Press Release

Questionable FTC Restitution Authority Heads to Supreme Court

The Federal Trade Commission (FTC) claims to have the authority to seek restitution directly in federal court without going through its own full administrative process, but the Supreme Court will rule this term on whether the FTC truly does possess this power. In a new analysis, AAF’s Director of Regulatory Policy Dan Bosch and Bernard Zamaninia examine the FTC’s processes and authority, and they offer a policy response should the Supreme Court agree with the FTC.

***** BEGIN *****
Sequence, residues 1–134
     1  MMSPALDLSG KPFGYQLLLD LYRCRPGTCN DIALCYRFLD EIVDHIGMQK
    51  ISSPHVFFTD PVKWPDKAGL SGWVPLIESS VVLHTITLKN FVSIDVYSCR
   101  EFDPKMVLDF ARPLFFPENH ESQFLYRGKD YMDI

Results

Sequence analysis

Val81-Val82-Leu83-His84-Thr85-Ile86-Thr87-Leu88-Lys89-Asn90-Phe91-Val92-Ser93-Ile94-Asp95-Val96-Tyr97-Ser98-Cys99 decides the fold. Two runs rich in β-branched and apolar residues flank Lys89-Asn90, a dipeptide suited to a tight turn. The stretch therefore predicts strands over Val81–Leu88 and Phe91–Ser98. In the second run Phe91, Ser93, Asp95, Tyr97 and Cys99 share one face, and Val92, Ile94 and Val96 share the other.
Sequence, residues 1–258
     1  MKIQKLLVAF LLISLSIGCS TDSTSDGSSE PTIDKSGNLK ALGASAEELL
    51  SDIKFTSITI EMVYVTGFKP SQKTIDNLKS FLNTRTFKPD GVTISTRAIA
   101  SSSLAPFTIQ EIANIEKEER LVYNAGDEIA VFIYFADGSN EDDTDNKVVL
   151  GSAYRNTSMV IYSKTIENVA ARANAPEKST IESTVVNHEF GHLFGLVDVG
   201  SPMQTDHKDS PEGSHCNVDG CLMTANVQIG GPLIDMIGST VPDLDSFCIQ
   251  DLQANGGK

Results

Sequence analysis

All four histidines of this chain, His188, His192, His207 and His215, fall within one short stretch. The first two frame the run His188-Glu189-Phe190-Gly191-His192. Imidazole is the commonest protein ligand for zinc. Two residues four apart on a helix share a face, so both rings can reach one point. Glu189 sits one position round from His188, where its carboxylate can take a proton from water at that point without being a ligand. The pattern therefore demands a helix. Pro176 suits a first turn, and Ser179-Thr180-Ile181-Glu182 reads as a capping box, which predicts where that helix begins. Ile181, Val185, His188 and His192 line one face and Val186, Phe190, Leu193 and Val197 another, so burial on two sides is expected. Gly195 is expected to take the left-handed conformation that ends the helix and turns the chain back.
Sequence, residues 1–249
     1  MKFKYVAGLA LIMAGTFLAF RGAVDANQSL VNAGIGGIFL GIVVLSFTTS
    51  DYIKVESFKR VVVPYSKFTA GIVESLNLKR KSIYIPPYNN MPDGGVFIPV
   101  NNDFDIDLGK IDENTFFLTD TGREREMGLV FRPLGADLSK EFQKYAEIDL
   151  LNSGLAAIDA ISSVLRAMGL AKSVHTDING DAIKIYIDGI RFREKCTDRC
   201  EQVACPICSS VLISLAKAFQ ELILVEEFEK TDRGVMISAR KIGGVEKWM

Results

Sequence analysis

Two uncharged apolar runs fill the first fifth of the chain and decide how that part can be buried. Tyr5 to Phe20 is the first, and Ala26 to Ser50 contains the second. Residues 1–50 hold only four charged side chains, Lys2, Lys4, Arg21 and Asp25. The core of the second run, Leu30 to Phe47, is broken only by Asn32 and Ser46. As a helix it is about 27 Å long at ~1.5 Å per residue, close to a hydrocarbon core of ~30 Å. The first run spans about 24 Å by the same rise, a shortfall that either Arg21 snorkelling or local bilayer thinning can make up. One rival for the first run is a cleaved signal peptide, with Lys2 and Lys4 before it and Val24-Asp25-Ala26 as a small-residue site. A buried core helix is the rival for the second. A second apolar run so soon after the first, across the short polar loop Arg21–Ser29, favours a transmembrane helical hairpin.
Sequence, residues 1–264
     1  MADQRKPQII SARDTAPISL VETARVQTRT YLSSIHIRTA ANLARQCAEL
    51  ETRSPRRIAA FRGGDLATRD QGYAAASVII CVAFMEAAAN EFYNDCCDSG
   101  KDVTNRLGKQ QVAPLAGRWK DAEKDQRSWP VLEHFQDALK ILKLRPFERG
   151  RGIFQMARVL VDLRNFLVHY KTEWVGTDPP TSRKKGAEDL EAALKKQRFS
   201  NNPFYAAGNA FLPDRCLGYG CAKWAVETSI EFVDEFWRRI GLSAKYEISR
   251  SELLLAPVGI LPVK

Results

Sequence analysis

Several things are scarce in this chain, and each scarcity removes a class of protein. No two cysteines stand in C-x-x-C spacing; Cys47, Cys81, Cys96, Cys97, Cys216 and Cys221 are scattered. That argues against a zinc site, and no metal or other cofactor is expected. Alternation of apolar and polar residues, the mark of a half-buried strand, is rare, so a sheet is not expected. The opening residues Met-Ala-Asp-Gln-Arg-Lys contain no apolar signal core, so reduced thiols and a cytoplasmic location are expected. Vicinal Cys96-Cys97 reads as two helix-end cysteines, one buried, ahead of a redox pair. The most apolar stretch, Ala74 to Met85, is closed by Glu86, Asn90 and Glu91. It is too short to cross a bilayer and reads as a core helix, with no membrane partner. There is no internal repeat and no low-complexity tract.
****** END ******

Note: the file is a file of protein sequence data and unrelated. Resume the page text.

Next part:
An excerpt:

Should the Supreme Court agree with the FTC’s interpretation of Section 13(b) of the Federal Trade Commission Act, Congress could consider amending Magnuson-Moss to clarify that the FTC can only seek restitution when full due process—meaning an FTC administrative law judge, the commissioners of the FTC, and a district court have all reviewed the case.

Read the analysis.